Celebrating Black History Month with Unsung Pioneers

BlackHistoryMonth3by Patricia L. Dickson2/14/15
Black History month is set aside for celebrating the contributions and accomplishments of black Americans. However, the month of February has instead been hijacked by race-baiters masquerading as Civil Rights leaders, angry black celebrities, and Democrats as a time to air grievances. During Black History month, they trot out the same blacks that they deem worthy to be celebrated year after year while ignoring those who have made important contributions in spite of facing real racism and discrimination while paving the way for other black Americans. Many of these pioneers were able to accomplish great things just a few years after the abolition of slavery, prior to the Civil Rights Act and without the help of Affirmative Action.  For this reason, I have decided to celebrate the accomplishments and contributions of these courageous brilliant black pioneers:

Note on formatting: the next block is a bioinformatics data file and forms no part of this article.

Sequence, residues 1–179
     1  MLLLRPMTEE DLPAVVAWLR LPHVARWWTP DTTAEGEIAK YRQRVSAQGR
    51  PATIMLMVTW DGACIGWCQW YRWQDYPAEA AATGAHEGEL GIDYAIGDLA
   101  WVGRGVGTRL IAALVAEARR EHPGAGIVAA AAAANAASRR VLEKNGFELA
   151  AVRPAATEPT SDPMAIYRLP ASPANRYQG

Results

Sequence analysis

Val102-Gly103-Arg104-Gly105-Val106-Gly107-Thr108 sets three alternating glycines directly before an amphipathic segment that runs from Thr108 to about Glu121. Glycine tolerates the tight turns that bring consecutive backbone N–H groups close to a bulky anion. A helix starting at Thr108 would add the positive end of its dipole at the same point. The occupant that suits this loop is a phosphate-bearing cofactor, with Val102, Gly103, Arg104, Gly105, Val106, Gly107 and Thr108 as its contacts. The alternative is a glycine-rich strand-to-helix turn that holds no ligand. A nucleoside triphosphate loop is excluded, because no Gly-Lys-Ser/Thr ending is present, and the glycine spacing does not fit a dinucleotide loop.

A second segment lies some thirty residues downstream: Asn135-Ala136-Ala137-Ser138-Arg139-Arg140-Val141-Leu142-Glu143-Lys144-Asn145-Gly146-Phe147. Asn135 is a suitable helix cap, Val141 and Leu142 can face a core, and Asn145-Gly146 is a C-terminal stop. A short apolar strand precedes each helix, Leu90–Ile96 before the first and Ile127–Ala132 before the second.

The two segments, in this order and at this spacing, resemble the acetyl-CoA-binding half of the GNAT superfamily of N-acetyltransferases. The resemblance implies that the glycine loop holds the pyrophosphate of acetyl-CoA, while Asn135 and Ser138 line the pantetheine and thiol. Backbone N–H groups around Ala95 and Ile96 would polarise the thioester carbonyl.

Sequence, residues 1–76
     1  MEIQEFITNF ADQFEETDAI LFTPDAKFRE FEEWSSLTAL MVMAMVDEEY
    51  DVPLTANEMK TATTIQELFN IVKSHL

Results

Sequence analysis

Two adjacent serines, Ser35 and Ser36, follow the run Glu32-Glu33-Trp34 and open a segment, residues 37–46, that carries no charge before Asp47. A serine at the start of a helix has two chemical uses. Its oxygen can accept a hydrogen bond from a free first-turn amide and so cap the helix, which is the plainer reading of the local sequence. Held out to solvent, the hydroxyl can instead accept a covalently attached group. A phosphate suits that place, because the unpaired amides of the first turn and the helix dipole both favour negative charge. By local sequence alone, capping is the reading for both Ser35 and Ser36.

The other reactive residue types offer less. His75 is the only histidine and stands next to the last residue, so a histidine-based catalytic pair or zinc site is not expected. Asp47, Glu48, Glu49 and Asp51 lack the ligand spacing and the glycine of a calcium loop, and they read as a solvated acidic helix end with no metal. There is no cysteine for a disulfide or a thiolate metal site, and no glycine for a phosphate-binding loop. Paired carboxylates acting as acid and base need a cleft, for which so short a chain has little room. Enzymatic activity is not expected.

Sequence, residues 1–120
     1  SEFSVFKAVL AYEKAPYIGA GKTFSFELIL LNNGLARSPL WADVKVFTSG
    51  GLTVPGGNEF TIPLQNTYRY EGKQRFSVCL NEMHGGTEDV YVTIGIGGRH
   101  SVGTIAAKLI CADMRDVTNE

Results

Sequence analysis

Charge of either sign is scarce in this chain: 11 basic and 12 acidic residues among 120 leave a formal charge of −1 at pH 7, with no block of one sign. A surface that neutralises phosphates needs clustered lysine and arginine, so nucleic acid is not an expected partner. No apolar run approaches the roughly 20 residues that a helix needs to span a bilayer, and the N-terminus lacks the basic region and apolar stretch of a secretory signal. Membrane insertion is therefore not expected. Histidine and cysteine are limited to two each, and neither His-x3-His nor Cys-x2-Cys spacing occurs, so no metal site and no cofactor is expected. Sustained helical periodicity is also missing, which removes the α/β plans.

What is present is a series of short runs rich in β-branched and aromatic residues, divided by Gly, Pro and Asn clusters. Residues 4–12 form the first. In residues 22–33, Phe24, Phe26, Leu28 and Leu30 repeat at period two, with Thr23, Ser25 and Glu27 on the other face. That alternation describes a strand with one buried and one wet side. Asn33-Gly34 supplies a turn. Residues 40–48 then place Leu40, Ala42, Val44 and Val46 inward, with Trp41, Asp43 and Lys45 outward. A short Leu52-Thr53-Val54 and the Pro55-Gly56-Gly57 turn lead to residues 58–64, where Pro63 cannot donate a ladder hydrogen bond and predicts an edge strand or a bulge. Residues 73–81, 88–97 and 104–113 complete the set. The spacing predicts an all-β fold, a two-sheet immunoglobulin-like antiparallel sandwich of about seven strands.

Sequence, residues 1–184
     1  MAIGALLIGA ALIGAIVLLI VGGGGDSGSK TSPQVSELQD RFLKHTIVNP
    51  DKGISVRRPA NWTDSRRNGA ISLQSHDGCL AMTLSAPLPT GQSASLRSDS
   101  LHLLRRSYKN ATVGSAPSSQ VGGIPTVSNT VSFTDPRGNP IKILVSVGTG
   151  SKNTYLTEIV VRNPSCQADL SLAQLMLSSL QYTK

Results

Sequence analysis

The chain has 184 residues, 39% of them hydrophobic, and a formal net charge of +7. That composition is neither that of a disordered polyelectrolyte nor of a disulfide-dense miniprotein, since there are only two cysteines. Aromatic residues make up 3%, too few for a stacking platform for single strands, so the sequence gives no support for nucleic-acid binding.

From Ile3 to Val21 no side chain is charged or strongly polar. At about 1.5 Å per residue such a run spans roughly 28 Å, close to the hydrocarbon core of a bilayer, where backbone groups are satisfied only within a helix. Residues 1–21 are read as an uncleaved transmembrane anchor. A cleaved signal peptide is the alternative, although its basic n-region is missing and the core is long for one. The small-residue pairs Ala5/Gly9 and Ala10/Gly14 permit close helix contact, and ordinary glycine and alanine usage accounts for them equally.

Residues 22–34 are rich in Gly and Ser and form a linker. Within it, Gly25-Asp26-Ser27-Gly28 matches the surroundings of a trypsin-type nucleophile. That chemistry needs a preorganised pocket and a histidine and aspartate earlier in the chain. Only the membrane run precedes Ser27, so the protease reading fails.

• Charles Henry Turner Educator, Zoologist, Scientist (1867–1923) He was the first person to discover that insects can hear and alter behavior based on previous experience and the first African American to receive a Ph.D. in zoology from the University of Chicago. He pioneered research techniques in the study of animal behavior and made several important discoveries that advanced our understanding of the natural world. His father worked as a custodian and his mother was a practical nurse, both actively encouraged him to read and learn. Turner excelled at his studies, graduating from Gaines High School in 1886 as class valedictorian.